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24% Indian kids go hungry daily: Survey

NEW DELHI: Nearly 30 percent of Indian families have been forced to cut back on food due to rising prices, while around a quarter of kids go without food the whole day, according to an NGO.

Published: 15th February 2012 06:29 PM  |   Last Updated: 16th May 2012 05:56 PM   |  A+A-

NEW DELHI: Nearly 30 percent of Indian families have been forced to cut back on food due to rising prices, while around a quarter of kids go without food the whole day, according to an NGO.

A study on food inflation and its impact on eating habits, conducted by Save the Children, was conducted in five countries.

"It is shocking that parents are telling that they cannot buy food for their children because of high prices. This is destructive for the child's development as malnutrition is fatal and contributes to child mortality," Jasmine Whitbread, Save the Children International CEO, told IANS.

The study was conducted in December and January in Nigeria, Pakistan, Bangladesh, Peru and India. It sampled over 1,000 adults in rural and urban areas.

"The reason we chose these countries was because the five nations cover more than half of the world's malnourished children. India is a growing economy and this survey tells (us) the urgent need to set goals and measure progress for achieving the millennium development goals (MDG)," Whitbread added.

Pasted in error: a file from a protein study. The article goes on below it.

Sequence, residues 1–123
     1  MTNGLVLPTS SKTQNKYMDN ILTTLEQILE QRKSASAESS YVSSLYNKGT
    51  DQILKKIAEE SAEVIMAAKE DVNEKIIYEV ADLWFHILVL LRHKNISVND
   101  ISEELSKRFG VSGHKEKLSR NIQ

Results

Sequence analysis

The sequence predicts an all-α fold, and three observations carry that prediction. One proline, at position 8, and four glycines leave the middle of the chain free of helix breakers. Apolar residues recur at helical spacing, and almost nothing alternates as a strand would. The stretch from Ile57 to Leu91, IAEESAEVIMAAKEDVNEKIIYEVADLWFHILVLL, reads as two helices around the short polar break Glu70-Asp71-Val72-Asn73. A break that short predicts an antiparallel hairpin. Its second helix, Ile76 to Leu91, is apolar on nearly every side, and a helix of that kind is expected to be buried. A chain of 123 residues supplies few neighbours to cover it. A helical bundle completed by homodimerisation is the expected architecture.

Nearly 66 percent respondents in India said rising food prices have been a pressing concern in 2011, while nearly 17 percent parents said their children skipped school to go to work and pay for food.

The report says in India and Nigeria, parents struggle to feed their children. A large section of the population seems unaffected by the economic progress in these countries.

"Our recommendations include setting up a nutrition mission, better defining and refining the selection criteria of families below poverty line and a host of essential interventions to improve nutritional security of families," said the NGO's India CEO Thomas Chandy.

Food inflation in India has dipped after remaining high for a long time. But figures show that though prices of foodgrains have dipped, those of vegetables, milk, eggs, meat and protein diet have risen substantially.



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